p(y) is the probability density function of the measurements.9) p(x|y) = p(y|x)p(x) p(y) (2. y) is the joint probability density function of the random variables x and y. The estimate x can be computed from p(x|y). In other words. and the cost function J(∆x) is a function of the estimation error ∆x = x − x. The minimum of the risk function J is ˆ found for the value of xmv xmv = E {x|y} ˆ ˆ Then. ˆ Diﬀerent approaches for solving this problem depend on the choice of the cost function J (∆x) The minimum variance estimate minimizes the risk function with the cost function J (∆x) = ∆xT W∆x (2. the conditional mean value x .22) (2. the Bayesian estimation is based on the minimization of the risk function J which consists of a cost function J(∆x)27 J (ˆ) = x ∞ −∞ ∞ −∞ J (∆x)p (x.19) where p (x. (1.21) ˆ Assuming the distributions for x and v are Gaussian. y) dxdy (2. symmetric matrix. and p(y|x) is the likelihood function. depending on the criteria of the ˆ optimality. the conditional mean estimate x is evaluated by x = E {x|y} = ˆ xp (x|y)dx (2.18) where p(x) is the a priori probability density function of x.20) where W is a positive.20 conditional density p (x|y) is evaluated by employing the Bayes’s theorem given in Eq.

23) HT R−1 E {Hx + v} = x (2.24) HT R−1 (v) (2.2. (2. (2.26). then the LS estimator is unbiased E {ˆ} = HT R−1 H x The estimation error ∆x becomes ∆x = x − x = − HT R−1 H ˆ −1 −1 −1 HT R−1 y (2.25) The covariance matrix of the LS estimator is computed by P ≡ E [ˆ − x] [ˆ − x]T x x = E ∆x∆xT = HT R−1 H −1 HT R−1 (R) R−1 H HT R−1 H −1 (2.8). Note that if there in no a priori information. (2.21 is evaluated by7 x = P−1 + HT R−1 H ˆ 0 where P0 is the a priori covariance matrix of x. the covariance matrix becomes P = HT R−1 H −1 (2. (2. R = σ 2 I) Eq. the above equation reduces to the weighted least-squares solution in Eq.e.26) After manipulations of Eq.27) . zero-mean random variables with covariance Ri .14).. R is a diagonal matrix) and they have equal variance (i.7 2. If all measurement errors are uncorrelated (i.23) becomes the LS solution in Eq.e.3 Unbiased Estimator If the measurement errors vi are uncorrelated.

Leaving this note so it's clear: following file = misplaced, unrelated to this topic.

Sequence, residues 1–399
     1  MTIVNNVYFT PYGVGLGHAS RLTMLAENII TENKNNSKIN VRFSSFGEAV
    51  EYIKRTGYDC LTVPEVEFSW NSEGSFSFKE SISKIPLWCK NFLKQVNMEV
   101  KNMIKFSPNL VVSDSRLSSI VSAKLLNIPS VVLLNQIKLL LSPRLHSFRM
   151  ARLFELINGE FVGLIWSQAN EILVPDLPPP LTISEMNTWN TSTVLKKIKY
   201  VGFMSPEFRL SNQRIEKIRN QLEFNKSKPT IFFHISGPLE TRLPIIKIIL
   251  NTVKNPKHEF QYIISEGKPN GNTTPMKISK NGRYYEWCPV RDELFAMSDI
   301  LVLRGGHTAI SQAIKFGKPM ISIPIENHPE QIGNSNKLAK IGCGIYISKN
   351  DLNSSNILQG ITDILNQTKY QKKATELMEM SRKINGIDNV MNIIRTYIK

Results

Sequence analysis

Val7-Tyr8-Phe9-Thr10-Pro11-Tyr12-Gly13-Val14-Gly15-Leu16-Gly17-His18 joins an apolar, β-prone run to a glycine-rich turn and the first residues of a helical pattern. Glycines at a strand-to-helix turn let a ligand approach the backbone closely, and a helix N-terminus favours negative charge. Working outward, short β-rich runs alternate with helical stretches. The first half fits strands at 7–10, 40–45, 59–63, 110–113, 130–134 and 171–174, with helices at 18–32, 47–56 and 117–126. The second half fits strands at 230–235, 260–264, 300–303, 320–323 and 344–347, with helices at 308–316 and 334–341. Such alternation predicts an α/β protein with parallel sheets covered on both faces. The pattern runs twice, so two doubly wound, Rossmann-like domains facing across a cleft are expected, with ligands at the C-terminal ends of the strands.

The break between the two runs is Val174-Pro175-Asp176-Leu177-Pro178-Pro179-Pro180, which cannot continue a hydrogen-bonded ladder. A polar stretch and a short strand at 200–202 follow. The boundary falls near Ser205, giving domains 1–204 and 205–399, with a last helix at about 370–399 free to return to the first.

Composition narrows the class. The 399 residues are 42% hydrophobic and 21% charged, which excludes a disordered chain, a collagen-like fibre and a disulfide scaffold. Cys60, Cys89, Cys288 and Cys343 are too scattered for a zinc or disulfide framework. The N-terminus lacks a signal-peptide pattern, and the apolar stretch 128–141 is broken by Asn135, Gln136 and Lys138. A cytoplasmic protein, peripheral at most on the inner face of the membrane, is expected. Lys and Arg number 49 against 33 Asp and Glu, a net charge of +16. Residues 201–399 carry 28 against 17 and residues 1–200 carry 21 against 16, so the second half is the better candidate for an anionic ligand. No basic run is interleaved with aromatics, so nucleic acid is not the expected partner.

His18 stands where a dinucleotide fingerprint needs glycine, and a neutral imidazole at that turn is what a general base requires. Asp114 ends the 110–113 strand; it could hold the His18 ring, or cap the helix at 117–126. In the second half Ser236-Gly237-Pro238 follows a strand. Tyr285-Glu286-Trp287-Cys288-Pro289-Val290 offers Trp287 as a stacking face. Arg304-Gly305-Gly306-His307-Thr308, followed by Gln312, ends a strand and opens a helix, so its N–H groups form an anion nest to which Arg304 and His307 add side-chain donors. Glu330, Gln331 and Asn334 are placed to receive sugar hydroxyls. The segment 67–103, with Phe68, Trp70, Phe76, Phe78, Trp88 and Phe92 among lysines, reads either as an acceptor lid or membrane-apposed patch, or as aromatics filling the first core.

In this section.27 Consider two subsets of observations y1 = H1 x + v1 y2 = H2 x + v2 where the measurement vectors are y1 = [y11 . · · · . H2 v1 v= v2 . y2 H1 H= .22 2.29) (2. The least-squares estimates x of the unknown parameter x based on the ﬁrst ˆ measurement subset is obtained by x1 = HT W1 H1 ˆ 1 −1 (2.28) (2.30) (2. positive deﬁnite matrix associated with measurement noise v1 . y1m1 ]T ∈ ℜm1 ×1 y2 = [y21 .3 Linear Sequential Estimation In a batch least-squares (BLS) estimator the measurements are available in simultaneous processing. y12 . y22 . Now. it is assumed that the measurements are taken in a sequential way such that new estimates are computed by utilizing all previous measurements including the current data. · · · . respectively.31) HT W1 y1 1 (2. y2m2 ]T ∈ ℜm2 ×1 and the linear mappings are H1 ∈ ℜm1 ×n and H2 ∈ ℜm2 ×n . consider both measurement subsets y1 and y2 simultaneously in partitioned forms y = Hx + v where (2.33) y1 y= .32) where W1 is an m1 ×m1 symmetric. however.